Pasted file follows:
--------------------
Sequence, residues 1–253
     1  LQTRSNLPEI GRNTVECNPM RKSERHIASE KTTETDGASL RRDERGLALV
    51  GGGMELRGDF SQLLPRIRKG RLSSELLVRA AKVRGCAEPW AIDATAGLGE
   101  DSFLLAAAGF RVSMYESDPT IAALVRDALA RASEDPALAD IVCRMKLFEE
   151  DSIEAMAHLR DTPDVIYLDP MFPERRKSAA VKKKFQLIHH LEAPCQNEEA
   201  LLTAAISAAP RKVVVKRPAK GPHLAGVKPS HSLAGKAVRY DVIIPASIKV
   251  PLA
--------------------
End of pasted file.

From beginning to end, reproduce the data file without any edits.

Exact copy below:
Sequence, residues 1–253
     1  LQTRSNLPEI GRNTVECNPM RKSERHIASE KTTETDGASL RRDERGLALV
    51  GGGMELRGDF SQLLPRIRKG RLSSELLVRA AKVRGCAEPW AIDATAGLGE
   101  DSFLLAAAGF RVSMYESDPT IAALVRDALA RASEDPALAD IVCRMKLFEE
   151  DSIEAMAHLR DTPDVIYLDP MFPERRKSAA VKKKFQLIHH LEAPCQNEEA
   201  LLTAAISAAP RKVVVKRPAK GPHLAGVKPS HSLAGKAVRY DVIIPASIKV
   251  PLA